A Mother's Love, a Tireless Advocate
By: Christine Fanning
Name: Deedee McCarty
Having children and watching them grow up is what every mother lives and breathes for. For most, the ultimate goal is to raise them into successful, independent adults who live an abundant life.
Deedee McCarty, 49, was getting ready to watch her son soar until she received a phone call on December 10, 2010. Nathaniel Bibaud, 27, was grounded from flying into the beginning stages of his adulthood.
Nate was in a head on collision, resulting in a dislocation of his spinal vertebrae, a C5 level injury. He is now living with paralysis from the chest down. McCarty ran the 2011 Bank of America Chicago Marathon for Team Reeve in honor of her son, Nate.
Nate was living in St. Croix, U.S. Virgin Islands working as a graphic artist at the time of the accident. He was the passenger in a car while driving home from a friend's birthday celebration. They drove over a knoll, unable to see the other side, and collided head first into a previous accident. "Out of nine people involved in the three cars," McCarty explains, "he was the only one seriously hurt."
"You don't know why," she says. "You never know the answers to why, why your child, but that's the call we got." McCarty explains that not only was the phone call explaining her son was now paralyzed vague, but the accent and dialogue made understanding what happened even harder.
"I've lived 49 years and he's only lived 27," McCarty explains. "I would trade places. He was just getting ready to soar." Nate was getting ready to move back to the States to take an offer with an architectural firm before the accident happened. "I wouldn't say things happen for a reason, because I don't think this could happen for a reason."
"It happened, we can't change it," McCarty says. "But how can we make it better and something good come out of it." She remains positive about her son's accident. "I would do anything for him."
Proving the doctors wrong
"It has changed every facet of his life," she says. "He has lost all his freedom. He was very independent, a bit of a free spirit, very artistic. It's grounded him."
Although Nate has to rely on others for a lot of his daily activities, he is making more progress than doctors told him he would. After the accident, Nate was told he would never move anything below his shoulders. "He's swinging his arms around left and right, he has sensation in his quads and gluts," McCarty happily explains. "They were already wrong."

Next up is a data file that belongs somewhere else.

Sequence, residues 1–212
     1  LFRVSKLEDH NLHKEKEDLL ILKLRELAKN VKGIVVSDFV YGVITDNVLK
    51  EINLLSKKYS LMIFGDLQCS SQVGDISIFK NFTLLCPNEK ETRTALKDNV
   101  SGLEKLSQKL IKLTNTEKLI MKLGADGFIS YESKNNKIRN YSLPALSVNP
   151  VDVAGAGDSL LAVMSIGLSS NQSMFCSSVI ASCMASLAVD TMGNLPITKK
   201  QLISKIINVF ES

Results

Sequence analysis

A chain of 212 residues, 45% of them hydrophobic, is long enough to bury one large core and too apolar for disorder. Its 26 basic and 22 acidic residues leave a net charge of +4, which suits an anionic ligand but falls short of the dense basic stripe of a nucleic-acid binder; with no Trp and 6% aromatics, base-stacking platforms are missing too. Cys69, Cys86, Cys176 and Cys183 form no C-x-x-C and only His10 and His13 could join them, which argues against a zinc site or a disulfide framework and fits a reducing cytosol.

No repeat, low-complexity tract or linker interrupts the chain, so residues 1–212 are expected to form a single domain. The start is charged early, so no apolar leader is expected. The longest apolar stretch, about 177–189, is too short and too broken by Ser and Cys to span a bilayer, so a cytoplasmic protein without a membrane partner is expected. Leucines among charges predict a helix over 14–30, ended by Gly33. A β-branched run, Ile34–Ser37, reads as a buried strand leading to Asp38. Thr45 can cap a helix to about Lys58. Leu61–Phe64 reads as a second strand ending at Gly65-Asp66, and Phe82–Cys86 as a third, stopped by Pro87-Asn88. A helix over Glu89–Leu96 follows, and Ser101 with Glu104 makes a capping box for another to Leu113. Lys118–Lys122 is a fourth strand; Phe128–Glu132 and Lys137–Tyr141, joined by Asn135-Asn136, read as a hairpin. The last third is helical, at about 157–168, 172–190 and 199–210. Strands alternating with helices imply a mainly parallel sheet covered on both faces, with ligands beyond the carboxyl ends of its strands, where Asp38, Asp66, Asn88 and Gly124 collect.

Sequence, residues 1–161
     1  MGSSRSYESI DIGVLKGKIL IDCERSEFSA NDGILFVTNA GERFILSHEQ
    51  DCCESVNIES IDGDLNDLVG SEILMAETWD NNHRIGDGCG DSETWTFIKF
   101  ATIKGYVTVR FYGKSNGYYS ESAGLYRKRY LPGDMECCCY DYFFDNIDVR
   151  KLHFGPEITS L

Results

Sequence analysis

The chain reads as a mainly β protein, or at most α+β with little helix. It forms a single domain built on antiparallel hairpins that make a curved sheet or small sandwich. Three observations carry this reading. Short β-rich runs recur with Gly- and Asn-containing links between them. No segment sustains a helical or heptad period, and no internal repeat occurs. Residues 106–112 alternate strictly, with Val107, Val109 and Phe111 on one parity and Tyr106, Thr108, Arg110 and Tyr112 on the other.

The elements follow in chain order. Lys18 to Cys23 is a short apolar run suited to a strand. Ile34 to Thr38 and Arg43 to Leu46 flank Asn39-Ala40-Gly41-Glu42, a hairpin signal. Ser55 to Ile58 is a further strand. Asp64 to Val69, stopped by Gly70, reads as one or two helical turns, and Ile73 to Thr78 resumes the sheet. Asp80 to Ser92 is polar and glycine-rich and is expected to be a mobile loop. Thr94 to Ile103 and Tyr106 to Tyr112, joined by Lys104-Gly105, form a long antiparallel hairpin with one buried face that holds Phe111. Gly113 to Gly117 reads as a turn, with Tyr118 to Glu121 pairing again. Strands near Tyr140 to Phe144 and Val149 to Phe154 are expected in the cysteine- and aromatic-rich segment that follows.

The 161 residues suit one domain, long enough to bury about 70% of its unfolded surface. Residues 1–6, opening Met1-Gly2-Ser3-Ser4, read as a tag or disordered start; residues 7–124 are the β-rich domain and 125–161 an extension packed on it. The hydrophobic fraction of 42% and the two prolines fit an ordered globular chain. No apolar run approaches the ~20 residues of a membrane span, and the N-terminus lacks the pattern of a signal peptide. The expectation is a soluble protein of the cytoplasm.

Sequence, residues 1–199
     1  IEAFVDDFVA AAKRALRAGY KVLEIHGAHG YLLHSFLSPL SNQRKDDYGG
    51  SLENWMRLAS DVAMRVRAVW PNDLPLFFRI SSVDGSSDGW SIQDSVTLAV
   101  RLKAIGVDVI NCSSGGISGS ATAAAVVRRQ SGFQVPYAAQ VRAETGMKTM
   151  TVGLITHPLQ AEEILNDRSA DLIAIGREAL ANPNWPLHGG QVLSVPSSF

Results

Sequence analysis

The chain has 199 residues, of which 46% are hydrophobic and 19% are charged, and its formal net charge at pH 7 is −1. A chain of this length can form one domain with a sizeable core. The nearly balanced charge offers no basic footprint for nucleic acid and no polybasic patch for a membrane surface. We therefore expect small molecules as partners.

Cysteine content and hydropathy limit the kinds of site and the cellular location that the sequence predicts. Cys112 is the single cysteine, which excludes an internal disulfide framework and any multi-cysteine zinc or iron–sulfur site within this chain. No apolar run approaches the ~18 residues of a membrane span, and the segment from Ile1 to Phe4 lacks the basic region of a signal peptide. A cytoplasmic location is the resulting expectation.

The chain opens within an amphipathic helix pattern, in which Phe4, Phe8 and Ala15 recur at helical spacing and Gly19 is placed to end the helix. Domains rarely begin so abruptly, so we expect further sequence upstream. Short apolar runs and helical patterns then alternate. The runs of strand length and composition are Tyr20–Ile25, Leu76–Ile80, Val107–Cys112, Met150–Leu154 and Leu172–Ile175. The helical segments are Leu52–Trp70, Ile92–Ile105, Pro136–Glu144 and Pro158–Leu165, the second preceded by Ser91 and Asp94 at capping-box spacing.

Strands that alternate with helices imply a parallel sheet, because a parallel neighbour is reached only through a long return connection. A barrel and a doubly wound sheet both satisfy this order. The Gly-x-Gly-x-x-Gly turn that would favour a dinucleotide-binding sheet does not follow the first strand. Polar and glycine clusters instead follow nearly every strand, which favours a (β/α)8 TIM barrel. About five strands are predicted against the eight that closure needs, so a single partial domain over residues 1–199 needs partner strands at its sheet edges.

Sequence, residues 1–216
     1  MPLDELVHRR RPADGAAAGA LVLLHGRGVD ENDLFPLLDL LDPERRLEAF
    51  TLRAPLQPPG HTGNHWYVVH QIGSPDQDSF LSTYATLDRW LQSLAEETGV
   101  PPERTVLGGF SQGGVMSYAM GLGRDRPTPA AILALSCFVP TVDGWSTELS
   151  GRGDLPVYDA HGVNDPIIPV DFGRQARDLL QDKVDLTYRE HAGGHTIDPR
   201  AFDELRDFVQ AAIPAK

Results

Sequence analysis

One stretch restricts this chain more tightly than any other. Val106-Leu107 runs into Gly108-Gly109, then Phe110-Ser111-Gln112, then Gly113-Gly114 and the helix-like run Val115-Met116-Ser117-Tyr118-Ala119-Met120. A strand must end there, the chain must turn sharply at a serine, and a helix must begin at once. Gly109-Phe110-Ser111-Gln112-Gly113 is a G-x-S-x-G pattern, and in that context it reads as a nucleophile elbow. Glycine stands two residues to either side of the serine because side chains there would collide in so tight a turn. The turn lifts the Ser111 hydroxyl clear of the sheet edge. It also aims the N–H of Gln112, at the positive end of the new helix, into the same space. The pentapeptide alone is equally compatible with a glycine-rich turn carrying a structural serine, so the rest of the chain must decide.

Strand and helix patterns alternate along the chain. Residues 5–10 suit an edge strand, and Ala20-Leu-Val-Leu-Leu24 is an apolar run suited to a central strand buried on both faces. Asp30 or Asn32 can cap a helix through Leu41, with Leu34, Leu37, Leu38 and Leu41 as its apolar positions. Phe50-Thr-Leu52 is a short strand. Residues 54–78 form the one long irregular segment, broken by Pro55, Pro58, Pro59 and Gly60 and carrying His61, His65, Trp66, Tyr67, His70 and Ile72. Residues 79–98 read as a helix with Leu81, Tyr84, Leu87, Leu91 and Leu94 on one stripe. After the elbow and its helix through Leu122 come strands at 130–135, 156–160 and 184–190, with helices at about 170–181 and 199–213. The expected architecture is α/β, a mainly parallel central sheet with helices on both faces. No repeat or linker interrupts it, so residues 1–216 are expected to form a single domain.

"He doesn't have the use of his fingers," McCarty says. "That will be the victory day if something comes back in his fingers, because he's an artist and architect.". Although Nate has no function of his fingers, he is still making strides to regain strength while drawing!
"He's very motivated to get as much mobility and as much function as he can," McCarty explains. "Nate would like to be married and have kids, he loves children."
Waxing hair and shaving heads for awareness
In an effort to help Nate regain as much function as he can, McCarty and friends have held numerous fundraisers to support his cause. "Business leaders, politicians, athletes, people in the community that didn't know him personally, but may have known me," McCarty explains about Nathaniel Bibaud Recovery Fund, "have attached themselves to the cause and want it to be awesome."
Runs, dinner outings, silent auctions, and even an event called Rip it ‘n Clip it (where people have their heads shaved and chests waxed!) have been held to help pay for Nate's costly therapy sessions.
"We don't know what recovery will look like, but we do know that we are going for as much as we can get." McCarty says. But the secret to Nate's fundraising she explains, "A mother's love. A tireless advocate. You just have to keep putting one foot in front of the other and know that this is an expensive injury."
Never give up, always get more
"Never give up," explains McCarty. "There's always a little more you can get. There's always a little more function and mobility you can get. There are going to be bad days, but they don't have to define you."
"The ultimate goal is to get out of the chair," McCarty says. "Some people may think that's a little bit of denial, that you need to accept it, but you don't need to accept it. Christopher Reeve taught everybody to dream the impossible. We have a goal and we are not stopping short of it."
A marathon kind of family
"It's trying to go beyond." McCarty explains. "It would be selfish to just fundraise to have money in our bank account for him to go to therapy and we didn't give back to the organization that is doing the research.